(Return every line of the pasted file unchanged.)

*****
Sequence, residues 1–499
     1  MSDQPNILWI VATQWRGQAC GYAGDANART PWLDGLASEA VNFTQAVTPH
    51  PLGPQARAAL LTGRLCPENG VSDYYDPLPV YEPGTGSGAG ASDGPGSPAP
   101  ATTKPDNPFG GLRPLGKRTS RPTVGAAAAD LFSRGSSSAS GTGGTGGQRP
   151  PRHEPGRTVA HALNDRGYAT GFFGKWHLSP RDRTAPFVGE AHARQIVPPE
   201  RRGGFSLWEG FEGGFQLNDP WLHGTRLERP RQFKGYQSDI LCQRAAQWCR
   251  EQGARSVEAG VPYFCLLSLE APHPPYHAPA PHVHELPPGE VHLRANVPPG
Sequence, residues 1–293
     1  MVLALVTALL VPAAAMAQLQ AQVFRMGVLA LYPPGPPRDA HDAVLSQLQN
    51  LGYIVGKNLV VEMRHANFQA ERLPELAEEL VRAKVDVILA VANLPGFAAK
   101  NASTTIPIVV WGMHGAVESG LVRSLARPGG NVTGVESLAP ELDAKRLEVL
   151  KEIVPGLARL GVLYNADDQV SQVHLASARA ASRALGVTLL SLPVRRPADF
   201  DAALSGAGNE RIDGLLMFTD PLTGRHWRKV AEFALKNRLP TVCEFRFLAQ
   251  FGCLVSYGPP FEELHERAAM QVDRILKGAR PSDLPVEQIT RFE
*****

Sequence, residues 1–499
     1  MSDQPNILWI VATQWRGQAC GYAGDANART PWLDGLASEA VNFTQAVTPH
    51  PLGPQARAAL LTGRLCPENG VSDYYDPLPV YEPGTGSGAG ASDGPGSPAP
   101  ATTKPDNPFG GLRPLGKRTS RPTVGAAAAD LFSRGSSSAS GTGGTGGQRP
   151  PRHEPGRTVA HALNDRGYAT GFFGKWHLSP RDRTAPFVGE AHARQIVPPE
   201  RRGGFSLWEG FEGGFQLNDP WLHGTRLERP RQFKGYQSDI LCQRAAQWCR
   251  EQGARSVEAG VPYFCLLSLE APHPPYHAPA PHVHELPPGE VHLRANVPPG
Sequence, residues 1–293
     1  MVLALVTALL VPAAAMAQLQ AQVFRMGVLA LYPPGPPRDA HDAVLSQLQN
    51  LGYIVGKNLV VEMRHANFQA ERLPELAEEL VRAKVDVILA VANLPGFAAK
   101  NASTTIPIVV WGMHGAVESG LVRSLARPGG NVTGVESLAP ELDAKRLEVL
   151  KEIVPGLARL GVLYNADDQV SQVHLASARA ASRALGVTLL SLPVRRPADF
   201  DAALSGAGNE RIDGLLMFTD PLTGRHWRKV AEFALKNRLP TVCEFRFLAQ
   251  FGCLVSYGPP FEELHERAAM QVDRILKGAR PSDLPVEQIT RFE